For over 2,000 years, new emperors of China visited one of the Five Sacred Mountains to pay homage to heaven and earth as the first Chinese emperor had done. In addition to the hundreds of Steeles and cliff inscriptions, the mountain is also home to 22 temples and historic gates.
Climbing Mount Tai
There are famously 6,300 steps that you need to climb to reach the summit of Mount Tai. You can take one of several routes to the top of the mountain, including a separate hiking trail and a cable car. But the most popular route involves climbing the wide staircase to the top of the mountain.
This route takes you past the mountain’s historic gates and temples and finishes at the highest peak on the mountain, the Jade Emperor Peak. It’s a challenging, all-uphill climb that gains about 1,400 m (4,600 ft) of elevation. Budget at least four hours for the hike to the summit, and more time if you want to visit the temples and historic sites.
Mount Tai is also associated with the sunrise. It’s very popular to hike the mountain at night and watch the sun come up from the Jade Emperor Peak. If you don’t want to make the whole hike at night, there are some (very expensive) hotels near the summit that you can stay at instead.
Keep in mind that Mount Tai is a Chinese mountain park, so it won’t fit most westerners’ expectations for a mountain experience. The path is paved with stone steps, and there are restaurants and concession stands on the way up. You’ll also have to buy a 125 RMB ticket to enter the park.
If you want to shorten your hike, there is a bus that goes halfway up the mountain. From there, you can catch a cable car to the summit. Many people opt to walk the first section, take the cable car and skip the steep, near-vertical steps in the second half of the climb.
Mount Tai is extremely popular with Chinese tourists and millions visit every year. Even if you start your hike at midnight, expect to share the mountain with hundreds or thousands of other climbers. Crowds are much smaller in the winter, but you should always expect plenty of other visitors at Mount Tai.
To get to Mount Tai, you’ll want to take a bus or a train to the city of Tai’An. From there, you can take a short bus or taxi ride to the entrance of the mountain park. You can also reach Mount Tai from the city of Jinan, about 70 km (43 mi) north of the mountain.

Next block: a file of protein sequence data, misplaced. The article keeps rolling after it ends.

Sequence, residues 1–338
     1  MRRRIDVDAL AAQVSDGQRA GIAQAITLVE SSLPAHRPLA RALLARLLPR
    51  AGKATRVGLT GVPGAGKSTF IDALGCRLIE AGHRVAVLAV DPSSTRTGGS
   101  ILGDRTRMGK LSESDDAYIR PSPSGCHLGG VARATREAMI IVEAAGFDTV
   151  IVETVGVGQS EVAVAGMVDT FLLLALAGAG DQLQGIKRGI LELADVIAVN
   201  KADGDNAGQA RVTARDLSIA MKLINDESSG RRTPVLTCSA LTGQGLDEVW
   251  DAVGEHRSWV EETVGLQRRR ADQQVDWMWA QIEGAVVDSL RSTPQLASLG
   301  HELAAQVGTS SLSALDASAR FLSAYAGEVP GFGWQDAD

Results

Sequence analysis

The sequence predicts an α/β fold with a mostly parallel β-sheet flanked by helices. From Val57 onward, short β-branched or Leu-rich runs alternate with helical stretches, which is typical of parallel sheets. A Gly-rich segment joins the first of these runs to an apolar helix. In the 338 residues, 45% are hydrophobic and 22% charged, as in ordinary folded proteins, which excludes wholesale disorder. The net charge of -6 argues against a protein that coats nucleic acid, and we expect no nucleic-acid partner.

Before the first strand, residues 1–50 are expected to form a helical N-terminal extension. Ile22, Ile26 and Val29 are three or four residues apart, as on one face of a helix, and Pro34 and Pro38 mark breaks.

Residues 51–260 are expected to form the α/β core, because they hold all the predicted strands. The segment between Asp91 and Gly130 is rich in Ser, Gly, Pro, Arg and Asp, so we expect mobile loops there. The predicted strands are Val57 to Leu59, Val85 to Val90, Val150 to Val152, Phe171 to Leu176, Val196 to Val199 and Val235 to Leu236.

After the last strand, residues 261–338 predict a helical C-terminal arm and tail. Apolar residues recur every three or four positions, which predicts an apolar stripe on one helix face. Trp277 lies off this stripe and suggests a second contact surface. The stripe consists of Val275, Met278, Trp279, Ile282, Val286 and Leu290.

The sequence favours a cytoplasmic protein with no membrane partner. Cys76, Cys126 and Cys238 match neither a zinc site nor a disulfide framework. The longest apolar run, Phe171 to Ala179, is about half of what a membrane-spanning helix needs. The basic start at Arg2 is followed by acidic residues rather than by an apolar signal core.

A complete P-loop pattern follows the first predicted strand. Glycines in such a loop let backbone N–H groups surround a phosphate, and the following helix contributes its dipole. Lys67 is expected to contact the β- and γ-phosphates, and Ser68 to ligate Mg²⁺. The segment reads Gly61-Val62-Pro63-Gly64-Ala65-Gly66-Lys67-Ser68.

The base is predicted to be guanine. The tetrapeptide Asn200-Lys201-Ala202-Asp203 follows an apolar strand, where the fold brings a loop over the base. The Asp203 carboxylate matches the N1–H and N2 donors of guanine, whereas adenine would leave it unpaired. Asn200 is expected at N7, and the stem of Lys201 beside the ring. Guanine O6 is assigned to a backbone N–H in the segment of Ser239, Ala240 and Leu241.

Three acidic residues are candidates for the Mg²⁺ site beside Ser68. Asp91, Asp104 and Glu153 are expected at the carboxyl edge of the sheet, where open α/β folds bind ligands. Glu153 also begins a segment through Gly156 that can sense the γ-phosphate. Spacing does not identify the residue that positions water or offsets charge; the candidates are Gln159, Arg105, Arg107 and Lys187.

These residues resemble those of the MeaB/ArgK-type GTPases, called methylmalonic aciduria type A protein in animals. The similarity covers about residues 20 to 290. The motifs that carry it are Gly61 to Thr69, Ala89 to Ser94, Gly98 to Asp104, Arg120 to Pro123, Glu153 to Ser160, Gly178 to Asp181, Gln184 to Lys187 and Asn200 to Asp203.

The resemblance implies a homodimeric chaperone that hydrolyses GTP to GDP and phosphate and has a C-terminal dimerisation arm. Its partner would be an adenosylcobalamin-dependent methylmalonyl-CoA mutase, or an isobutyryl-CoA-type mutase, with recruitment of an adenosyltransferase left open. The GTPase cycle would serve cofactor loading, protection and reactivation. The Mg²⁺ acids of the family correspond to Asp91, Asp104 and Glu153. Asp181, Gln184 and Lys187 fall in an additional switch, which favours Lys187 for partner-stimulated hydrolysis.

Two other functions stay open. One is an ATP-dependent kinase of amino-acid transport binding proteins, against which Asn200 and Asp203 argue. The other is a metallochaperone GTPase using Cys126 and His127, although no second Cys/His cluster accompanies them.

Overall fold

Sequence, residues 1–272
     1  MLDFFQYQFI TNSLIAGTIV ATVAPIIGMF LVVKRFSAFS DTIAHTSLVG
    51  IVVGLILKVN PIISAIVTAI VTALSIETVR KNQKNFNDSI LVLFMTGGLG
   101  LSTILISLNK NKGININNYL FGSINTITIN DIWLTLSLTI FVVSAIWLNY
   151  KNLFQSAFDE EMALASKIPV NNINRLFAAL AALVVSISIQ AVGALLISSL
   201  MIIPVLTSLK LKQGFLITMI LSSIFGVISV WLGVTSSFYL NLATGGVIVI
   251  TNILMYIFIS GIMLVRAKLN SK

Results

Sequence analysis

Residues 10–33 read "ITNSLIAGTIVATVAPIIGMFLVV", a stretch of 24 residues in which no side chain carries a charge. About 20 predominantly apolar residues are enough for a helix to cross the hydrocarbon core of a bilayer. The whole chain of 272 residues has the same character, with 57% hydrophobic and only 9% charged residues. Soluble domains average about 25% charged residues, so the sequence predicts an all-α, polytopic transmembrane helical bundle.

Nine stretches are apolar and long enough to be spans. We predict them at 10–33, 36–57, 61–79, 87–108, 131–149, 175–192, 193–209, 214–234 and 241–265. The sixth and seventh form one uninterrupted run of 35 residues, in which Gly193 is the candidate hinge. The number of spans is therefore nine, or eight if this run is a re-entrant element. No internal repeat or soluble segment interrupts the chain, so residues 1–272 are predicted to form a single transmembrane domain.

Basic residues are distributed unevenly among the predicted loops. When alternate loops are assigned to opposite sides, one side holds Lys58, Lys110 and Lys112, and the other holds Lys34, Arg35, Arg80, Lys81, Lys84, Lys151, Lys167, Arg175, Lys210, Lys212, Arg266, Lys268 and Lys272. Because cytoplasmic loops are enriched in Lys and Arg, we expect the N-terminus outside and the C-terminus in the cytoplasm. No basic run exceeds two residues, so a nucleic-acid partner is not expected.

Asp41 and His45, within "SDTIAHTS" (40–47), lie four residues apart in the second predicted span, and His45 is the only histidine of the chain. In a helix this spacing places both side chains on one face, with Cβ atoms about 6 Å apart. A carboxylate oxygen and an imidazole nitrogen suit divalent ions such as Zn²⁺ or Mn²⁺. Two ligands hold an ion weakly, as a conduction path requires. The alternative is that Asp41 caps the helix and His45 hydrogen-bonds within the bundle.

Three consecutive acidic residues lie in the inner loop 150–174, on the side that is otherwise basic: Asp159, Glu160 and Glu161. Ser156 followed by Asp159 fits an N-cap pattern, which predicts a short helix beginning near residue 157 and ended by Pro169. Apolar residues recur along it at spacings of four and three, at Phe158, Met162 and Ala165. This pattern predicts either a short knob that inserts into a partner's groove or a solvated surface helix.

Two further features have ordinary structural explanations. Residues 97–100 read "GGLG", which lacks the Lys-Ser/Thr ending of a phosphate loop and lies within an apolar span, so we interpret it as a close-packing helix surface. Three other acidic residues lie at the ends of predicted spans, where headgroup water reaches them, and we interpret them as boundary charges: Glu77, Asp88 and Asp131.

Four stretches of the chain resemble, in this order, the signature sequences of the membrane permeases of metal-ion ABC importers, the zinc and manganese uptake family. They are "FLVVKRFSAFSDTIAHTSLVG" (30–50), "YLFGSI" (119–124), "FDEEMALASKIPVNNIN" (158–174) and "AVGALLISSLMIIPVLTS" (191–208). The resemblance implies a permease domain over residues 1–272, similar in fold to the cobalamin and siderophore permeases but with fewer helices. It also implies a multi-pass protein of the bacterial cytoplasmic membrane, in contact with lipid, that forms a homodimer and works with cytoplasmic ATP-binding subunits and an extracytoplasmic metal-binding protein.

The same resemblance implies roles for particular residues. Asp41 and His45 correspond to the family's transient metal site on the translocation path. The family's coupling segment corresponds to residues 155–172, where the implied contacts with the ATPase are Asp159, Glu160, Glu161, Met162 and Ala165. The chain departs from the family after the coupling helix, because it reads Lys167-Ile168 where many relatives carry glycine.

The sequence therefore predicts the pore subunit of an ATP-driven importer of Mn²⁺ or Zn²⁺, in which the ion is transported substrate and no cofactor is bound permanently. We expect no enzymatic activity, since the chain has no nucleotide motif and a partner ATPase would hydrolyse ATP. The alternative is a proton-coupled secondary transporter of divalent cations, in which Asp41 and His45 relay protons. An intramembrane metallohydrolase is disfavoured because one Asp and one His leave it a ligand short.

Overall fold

Shandong has a lot to offer to a tourist to China, from ancient historical sites to modern, vibrant cities and relaxed beach towns. Here are some of the best places to stay in Shandong during your next visit to the region.
Jinan (济南, Jǐnán) is Shandong’s capital city. Nowadays, it is home to over 9 million people, however, the area of Jinan has been inhabited for thousands of years. Jinan is currently an industrial center and home to some of the best universities in China.
Shandong is known as the “city of springs” as there are dozens of natural springs within the city in addition to beautiful spring-fed lakes. Jinan was a center for Buddhism during dynastic times, so there are a number of historic temples located in and around the city. You can also find a mountain in the city limits that’s home to hundreds of statues of the Buddha carved into the rock called the Thousand-Buddhas Mountain.
Qingdao (青岛, Qīngdǎo) is considered one of China’s most liveable cities, and it’s unique for its laid-back atmosphere and historic architecture. There are still German-style buildings in the Qingdao old town from when the Germans established a colony in the city in the early twentieth century.
As a coastal city, Qingdao enjoys beautiful ocean views and lots of excellent seafood. The Tsingtao Brewery and Beer Museums are major tourist attractions in Qingdao, and Qingdao hosts an annual ‘Oktoberfest’ every year. As it is home to a port with connections to hundreds of cities around the world, Qingdao is also a great international travel destination.
Qufu (曲阜, Qūfù) is one of the most historically important places in China. It’s the hometown of Confucius, the Chinese philosopher whose work has been foundational to Chinese society and thought for thousands of years.
This is a historic city with rebuilt Ming dynasty-era walls snaking through the center of town. Three major sites in the city associated with Confucius (the Temple of Confucius, the Cemetery of Confucius, and the Kong Family Mansion) are designated as world heritage sites.
The Temple of Confucius is the second-largest historical building complex in China, surpassed only by the Forbidden City in Beijing. The Cemetery of Confucius contains gravesites that date back more than 2,000 years to the Zhou Dynasty.